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Merida's Tubeless Floor Pump is effective for seating tubeless road and some mountain bike tyres. The pressurised system is easy to charge, the head is secure and the 'regular' pump section works well too.
If you're going to be inflating a few tubeless tyres at home, a proper tubeless floor pump is a good investment. Merida's offering is very good for road and smaller gravel setups, easily charging up before delivering enough air to seat the tyre. I've used this effectively on one mountain bike setup too, though I'd recommend something with a larger air tank for a dedicated big-volume tyre use.
Firstly, a pump should be good at putting air into tyres, and the Merida is pretty good at that. The pump is smooth and the tall barrel means that reaching my usual pressures (around 70-80psi) is very easy.
The head connects simply and stays put, while the wide base provides a stable platform.
My only gripe is the gauge, which displays a wide range of pressure in a rather cluttered space. Setting a very specific pressure a bit tricky.
There is a guide on the outside of the dial, but even setting this is a case of rough guesswork. For road use, this isn't the biggest issue, but when pressure selection becomes crucial, I'd prefer more clarity or even a digital display.
The pressure vessel you charge up is quite small by tubeless tank standards, so if you've got tricky off-road tyres you might not get the sheer volume of air necessary to seat the tyre.
It worked on my test bike, but that has Specialized tyres and Roval wheels designed to work together. There the pump delivers enough air to get the majority of the bead seated first time, and a quick switch to the normal pump finishes the job.
My 26mm road tyres caused no issues, even with Veloflex tyres that have given me issues in the past. Up they went, first time.
The construction is good, with an aluminium body and plastic finishing parts. Yes, you can find nicer materials, but the Merida Tubeless pump is £69.99. That's a fair bit cheaper than the excellent Topeak Joe Blow Booster Track Pump and Tubeless Inflator (£140), though you can still pick up a cheaper tubeless pump in the form of the Beto Surge Tubeless Floor Pump. (£59.99).
For the money, the Merida Tubeless Floor Pump is a very good buy. It works effectively as a track pump, and provides easy tubeless inflation too – if you're regularly doing very high volume tyres, though, it's relatively small chamber might not be the best option.
Effective tubeless floor pump for road, gravel and some mountain bike setups
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road.cc test report
Make and model: Merida Tubeless floor pump
Size tested: n/a
Tell us what the product is for and who it's aimed at. What do the manufacturers say about it? How does that compare to your own feelings about it?
It's a sturdy, high volume floor pump with a handy tubeless inflation system built in.
Merida says: "The MERIDA FLOORPUMP TUBELESS is a versatile floor pump that's perfect for home and professional workshops and works with Presta, Dunlop and Schrader valves. It is made from light yet durable aluminium and plastic and has a large 2.5" pressure gauge to keep track of your progress. It has a wide base for stability and a comfortable, plastic handle.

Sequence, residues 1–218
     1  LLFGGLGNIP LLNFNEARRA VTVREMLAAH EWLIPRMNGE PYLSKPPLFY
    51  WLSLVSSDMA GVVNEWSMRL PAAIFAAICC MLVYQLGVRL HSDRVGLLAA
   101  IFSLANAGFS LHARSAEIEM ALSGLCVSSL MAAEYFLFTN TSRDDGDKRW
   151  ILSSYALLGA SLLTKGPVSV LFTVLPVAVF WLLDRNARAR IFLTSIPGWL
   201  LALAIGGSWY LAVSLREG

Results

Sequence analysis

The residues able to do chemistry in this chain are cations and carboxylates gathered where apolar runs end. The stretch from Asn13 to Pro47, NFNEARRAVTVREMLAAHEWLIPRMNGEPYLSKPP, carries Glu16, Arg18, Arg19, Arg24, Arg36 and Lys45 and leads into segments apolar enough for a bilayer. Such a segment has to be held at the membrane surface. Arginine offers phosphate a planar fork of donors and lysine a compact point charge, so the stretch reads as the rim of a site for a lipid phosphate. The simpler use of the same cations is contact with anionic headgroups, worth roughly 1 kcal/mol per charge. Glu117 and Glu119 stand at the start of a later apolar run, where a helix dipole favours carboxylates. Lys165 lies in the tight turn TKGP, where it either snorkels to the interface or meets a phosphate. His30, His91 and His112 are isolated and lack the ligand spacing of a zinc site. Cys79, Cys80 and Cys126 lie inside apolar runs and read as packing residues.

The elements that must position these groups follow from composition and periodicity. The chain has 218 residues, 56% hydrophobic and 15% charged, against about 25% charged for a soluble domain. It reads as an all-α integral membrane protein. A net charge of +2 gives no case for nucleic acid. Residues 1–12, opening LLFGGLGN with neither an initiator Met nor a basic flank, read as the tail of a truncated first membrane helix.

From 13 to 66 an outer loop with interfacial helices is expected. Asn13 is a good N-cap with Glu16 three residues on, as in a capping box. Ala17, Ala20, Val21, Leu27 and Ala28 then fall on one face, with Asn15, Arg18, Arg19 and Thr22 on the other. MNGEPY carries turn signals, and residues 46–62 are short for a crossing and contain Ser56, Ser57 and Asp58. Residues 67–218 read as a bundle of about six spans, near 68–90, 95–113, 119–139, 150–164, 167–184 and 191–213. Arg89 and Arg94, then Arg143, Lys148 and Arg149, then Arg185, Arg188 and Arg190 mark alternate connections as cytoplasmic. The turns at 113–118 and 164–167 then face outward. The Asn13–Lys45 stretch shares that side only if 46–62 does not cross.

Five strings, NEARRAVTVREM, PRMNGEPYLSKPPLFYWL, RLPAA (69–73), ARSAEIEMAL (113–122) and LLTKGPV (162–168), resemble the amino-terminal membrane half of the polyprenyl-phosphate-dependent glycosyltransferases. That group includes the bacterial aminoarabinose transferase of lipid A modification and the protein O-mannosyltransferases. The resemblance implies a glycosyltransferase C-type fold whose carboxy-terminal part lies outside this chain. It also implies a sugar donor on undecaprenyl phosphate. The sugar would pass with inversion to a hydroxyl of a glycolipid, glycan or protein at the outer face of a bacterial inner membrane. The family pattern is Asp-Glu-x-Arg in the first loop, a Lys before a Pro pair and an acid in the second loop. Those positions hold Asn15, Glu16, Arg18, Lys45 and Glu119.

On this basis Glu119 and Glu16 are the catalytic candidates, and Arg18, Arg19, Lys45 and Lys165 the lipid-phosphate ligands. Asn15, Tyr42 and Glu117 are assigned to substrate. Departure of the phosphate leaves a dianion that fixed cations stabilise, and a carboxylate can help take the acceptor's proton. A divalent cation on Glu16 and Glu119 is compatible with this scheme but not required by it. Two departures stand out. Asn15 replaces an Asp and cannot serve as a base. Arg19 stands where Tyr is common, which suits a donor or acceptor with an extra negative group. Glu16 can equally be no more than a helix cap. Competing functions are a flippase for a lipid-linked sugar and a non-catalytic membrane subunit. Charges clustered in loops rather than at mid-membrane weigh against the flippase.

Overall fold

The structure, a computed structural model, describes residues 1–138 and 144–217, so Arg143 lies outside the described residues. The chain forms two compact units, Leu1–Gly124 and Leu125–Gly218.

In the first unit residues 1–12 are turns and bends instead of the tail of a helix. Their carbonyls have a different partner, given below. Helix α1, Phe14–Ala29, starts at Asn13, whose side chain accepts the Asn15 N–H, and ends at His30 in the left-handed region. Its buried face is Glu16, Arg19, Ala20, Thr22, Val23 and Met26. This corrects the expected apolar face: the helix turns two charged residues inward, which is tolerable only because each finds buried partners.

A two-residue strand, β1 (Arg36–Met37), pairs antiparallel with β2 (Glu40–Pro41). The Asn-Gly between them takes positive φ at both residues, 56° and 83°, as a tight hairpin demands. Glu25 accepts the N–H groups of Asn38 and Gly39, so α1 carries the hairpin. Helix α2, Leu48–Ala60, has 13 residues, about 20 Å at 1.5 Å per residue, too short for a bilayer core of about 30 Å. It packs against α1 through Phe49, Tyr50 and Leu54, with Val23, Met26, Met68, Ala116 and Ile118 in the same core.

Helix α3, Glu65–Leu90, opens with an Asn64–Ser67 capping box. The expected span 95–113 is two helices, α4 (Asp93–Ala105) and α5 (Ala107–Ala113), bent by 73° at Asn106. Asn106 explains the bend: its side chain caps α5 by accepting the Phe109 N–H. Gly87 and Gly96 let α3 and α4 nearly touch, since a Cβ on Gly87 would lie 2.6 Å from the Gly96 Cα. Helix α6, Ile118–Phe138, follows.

"The FLOORPUMP TUBELESS also contains a pressure-chamber to easily inflate tubeless tyres, which works up to 260 psi/18 bar. This system allows you to charge up the chamber and flip a lever to inflate your tubeless tyre with a single blast."
Tell us some more about the technical aspects of the product?
Height - 53cm
Material - Aluminium
Tell us how the product performed overall when used for its designed purpose
Very well. I was able to seat road tyres easily, and mountain bike setups are manageable too.
Tell us what you particularly liked about the product
The sharp blast of air means tyres seat rather easily.
Tell us what you particularly disliked about the product
The gauge could be clearer.
How does the price compare to that of similar products in the market, including ones recently tested on road.cc?
£69.99 is middling for a tubeless pump. The JoeBlow Booster is £140, but is brilliant and probably better for mountain bike tyres. However, the Beto Surge is £59.99 with similar performance to the Merida.
Did you enjoy using the product? Yes
Would you consider buying the product? Yes
Would you recommend the product to a friend? Yes
Use this box to explain your overall score
Charges easily and delivers a sharp blast of air to get tubeless tyres seated. A clearer display would improve it, but it's still very good.
About the tester
I usually ride: Cannondale Supersix Di2 My best bike is:
I've been riding for: 5-10 years I ride: Most days I would class myself as: Expert
I regularly do the following types of riding: road racing, time trialling, cyclo cross, commuting, club rides, general fitness riding, I specialise in the Cafe Ride!
Son of a Marathon runner, Nephew of a National 24hr Champion, the racing genetics have completely passed him by. After joining the road.cc staff in 2016 as a reviewer, Liam quickly started writing feature articles and news pieces. After a little time living in Canada, where he spent most of his time eating poutine, Liam returned with the launch of DealClincher, taking over the Editor role at the start of 2018. At the weekend, Liam can be found racing on the road both in the UK and abroad, though he prefers the muddy fields of cyclocross. To date, his biggest race win is to the front of the cafe queue.